The COVID-19 pandemic has driven an increase in productivity nationwide, even if that rise has been uneven from state to state.

ClickUp used data from the Bureau of Labor Statistics to compare productivity levels by state, based on business locations. The analysis looks closely at relationships between productivity, pay, and hours worked.

Economists and institutions have understood human beings as important elements in business operations since Adam Smith first proposed defining the concept of “human capital” in the late 1700s.

How many hours people work can be measured or estimated, and the total number of goods and services created in every hour of work per person is considered a measure of “productivity,” or the efficiency with which humans make new things in pursuit of economic gain.

Studies have shown since the 1950s that human capital, as much as money itself, can drive economic growth for entire nations of people.

Workers are, of course, much more than just an asset on a vehicle assembly line or an attendant on a commercial airplane—they are also individuals who have families, passions, and lives outside of the jobs they perform.

The COVID-19 pandemic laid bare Americans’ modern struggle to balance those two worlds. Working at home or in risky work environments, people discovered newfound leverage in an economy where workers were in high demand. Many workers began seeking more job flexibility and compensation or switched jobs.

As measured by economists today, productivity is a human force that has only ever increased. That’s because people incorporate new technology and innovation, allowing them to produce goods and services more efficiently. And the U.S. has been consistent in bringing about technological advancements over the last several decades. Whether the private sector has aptly leveraged them is a matter of debate.

Because of this fact, examining the change in productivity from year to year is more valuable than simply acknowledging the long-accepted trend that technological advancement has only caused humans to be more productive over time.

So just how much more value did workers create per hour in 2021 compared with 2020? Nationwide, labor productivity among private sector workers increased by 1.9% in 2021, or about on par with the last several decades. According to the BLS, hours worked grew 5.4% from 2020 to 2021—the most significant year-to-year growth in decades, though the 2021 figures still did not exceed the total hours worked in 2019.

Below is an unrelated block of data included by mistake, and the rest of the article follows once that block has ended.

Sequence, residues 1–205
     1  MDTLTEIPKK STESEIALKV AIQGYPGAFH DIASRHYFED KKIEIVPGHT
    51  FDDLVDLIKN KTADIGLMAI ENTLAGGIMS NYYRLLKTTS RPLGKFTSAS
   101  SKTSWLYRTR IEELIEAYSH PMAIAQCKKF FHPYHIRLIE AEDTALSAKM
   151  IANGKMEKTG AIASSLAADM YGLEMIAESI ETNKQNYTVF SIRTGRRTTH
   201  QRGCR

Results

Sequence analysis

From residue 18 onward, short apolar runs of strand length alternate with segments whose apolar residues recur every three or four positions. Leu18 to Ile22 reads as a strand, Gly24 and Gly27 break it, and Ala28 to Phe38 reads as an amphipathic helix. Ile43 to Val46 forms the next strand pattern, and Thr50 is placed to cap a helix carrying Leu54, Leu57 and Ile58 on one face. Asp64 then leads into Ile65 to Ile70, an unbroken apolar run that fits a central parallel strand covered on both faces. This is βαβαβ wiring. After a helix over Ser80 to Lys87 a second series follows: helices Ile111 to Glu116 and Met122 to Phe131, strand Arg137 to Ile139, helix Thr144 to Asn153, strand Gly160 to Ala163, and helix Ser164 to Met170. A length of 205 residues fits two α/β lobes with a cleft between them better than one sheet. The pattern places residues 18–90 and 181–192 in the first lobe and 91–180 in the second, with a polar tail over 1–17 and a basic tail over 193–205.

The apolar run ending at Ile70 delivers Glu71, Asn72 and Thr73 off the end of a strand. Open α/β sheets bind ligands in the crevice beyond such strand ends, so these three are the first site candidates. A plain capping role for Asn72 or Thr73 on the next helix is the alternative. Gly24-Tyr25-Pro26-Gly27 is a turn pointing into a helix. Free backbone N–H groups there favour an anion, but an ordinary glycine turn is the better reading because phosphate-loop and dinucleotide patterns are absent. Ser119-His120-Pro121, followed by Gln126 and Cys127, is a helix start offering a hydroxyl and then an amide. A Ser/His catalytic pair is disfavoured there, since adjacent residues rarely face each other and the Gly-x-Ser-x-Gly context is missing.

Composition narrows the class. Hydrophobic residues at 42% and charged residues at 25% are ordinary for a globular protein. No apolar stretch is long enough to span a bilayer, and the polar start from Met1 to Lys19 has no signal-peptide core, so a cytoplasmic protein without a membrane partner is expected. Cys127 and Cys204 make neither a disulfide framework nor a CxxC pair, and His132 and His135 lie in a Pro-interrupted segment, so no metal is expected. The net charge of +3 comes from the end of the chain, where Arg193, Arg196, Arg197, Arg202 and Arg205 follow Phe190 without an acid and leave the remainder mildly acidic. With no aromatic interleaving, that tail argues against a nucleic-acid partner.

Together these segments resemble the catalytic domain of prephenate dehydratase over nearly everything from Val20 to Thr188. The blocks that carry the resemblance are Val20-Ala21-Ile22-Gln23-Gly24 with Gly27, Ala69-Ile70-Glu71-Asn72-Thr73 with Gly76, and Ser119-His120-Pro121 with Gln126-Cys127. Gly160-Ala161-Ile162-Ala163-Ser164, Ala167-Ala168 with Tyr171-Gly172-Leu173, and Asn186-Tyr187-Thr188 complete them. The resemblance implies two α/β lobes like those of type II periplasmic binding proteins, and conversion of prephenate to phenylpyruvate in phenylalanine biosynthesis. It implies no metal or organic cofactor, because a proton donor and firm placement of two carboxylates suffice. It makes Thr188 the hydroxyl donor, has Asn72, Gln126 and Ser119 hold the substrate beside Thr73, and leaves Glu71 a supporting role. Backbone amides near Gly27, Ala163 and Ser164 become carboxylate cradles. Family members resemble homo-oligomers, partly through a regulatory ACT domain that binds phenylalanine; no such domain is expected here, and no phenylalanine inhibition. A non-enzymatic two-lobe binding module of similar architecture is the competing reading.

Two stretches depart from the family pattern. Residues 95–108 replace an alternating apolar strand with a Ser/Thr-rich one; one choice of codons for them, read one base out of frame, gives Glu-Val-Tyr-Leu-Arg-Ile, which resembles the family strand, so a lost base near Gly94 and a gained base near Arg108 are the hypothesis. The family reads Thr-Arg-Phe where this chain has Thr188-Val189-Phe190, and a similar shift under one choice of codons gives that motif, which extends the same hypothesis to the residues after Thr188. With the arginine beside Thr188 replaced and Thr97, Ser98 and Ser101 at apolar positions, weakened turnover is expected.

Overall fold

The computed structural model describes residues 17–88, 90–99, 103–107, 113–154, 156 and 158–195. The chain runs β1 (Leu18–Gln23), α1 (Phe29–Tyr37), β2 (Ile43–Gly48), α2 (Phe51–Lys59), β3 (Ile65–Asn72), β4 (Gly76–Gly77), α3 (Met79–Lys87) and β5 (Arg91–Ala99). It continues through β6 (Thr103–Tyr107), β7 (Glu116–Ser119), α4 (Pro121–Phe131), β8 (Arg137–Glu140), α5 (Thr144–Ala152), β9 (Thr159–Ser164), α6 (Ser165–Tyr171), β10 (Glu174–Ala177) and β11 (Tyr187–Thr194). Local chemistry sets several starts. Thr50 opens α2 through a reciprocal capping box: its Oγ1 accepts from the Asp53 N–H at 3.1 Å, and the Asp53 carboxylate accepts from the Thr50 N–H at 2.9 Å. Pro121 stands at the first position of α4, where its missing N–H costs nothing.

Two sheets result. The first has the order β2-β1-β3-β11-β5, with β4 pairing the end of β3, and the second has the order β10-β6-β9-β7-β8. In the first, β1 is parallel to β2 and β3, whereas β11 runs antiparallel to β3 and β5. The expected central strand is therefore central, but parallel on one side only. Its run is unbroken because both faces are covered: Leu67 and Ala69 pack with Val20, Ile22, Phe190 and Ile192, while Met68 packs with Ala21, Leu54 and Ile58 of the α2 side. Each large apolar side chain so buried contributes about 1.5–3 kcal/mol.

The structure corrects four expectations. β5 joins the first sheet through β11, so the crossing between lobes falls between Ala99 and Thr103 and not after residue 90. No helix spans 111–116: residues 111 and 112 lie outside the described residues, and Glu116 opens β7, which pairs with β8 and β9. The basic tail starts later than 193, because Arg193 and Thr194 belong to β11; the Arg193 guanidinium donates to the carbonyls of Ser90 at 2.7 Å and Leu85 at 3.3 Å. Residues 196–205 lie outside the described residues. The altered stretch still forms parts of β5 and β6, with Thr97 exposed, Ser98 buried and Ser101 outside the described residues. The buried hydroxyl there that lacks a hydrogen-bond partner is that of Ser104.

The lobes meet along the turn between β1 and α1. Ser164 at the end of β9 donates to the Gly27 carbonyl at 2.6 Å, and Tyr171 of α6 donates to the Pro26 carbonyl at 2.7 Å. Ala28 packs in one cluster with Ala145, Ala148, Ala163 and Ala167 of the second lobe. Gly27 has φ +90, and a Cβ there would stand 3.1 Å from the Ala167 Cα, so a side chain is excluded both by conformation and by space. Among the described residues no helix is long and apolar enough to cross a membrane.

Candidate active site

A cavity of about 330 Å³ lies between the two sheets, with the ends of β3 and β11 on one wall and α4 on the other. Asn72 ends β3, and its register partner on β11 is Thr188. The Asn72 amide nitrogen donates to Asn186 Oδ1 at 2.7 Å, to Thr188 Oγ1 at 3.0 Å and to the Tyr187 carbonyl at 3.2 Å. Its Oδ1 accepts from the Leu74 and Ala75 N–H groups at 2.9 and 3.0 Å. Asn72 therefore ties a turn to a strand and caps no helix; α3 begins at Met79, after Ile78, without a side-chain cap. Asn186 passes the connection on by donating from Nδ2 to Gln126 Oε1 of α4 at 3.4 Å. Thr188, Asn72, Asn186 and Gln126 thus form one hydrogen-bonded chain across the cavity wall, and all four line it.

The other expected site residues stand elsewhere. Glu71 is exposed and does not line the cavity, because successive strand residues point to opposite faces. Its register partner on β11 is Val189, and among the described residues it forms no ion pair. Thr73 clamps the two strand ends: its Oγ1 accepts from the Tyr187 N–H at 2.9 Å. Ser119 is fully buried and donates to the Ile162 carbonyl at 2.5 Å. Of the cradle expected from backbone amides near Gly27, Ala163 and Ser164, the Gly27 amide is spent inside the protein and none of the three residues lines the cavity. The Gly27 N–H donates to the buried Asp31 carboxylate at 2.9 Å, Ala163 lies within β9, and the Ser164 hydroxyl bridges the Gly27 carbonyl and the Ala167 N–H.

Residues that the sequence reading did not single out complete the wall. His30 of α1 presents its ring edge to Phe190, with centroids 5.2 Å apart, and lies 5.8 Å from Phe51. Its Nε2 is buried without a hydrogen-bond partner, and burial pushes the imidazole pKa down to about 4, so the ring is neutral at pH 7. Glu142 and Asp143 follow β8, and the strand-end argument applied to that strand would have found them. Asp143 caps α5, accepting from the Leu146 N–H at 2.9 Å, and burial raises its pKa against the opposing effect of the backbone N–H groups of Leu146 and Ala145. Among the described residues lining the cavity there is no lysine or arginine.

That’s partly due to 2020 being a historically disruptive year for work. The spreading contagion and a lack of vaccines to prevent death meant in-person business operations were dangerous and even potentially deadly, especially for older workers.

A heat map showing the percent change in labor productivity from 2020 to 2021. Most states saw an increase, but a few saw decreases.

Most states increased labor productivity, but a few saw decreases

Areas that are home to fast-growing businesses can be evidence of more rapid productivity growth, according to the Brookings Institute. This information could help explain why California and Washington, home to much of the country’s tech presence, saw significant increases in productivity over the first two years of the COVID-19 pandemic.

States not traditionally viewed as tech hubs also benefited from dramatic swings in domestic migration that saw urban-dwelling white-collar Americans moving from the crowded, expensive coasts to more affordable states. Tennessee has seen its tech sector blossom in recent years—a trend bolstered by pandemic pressures.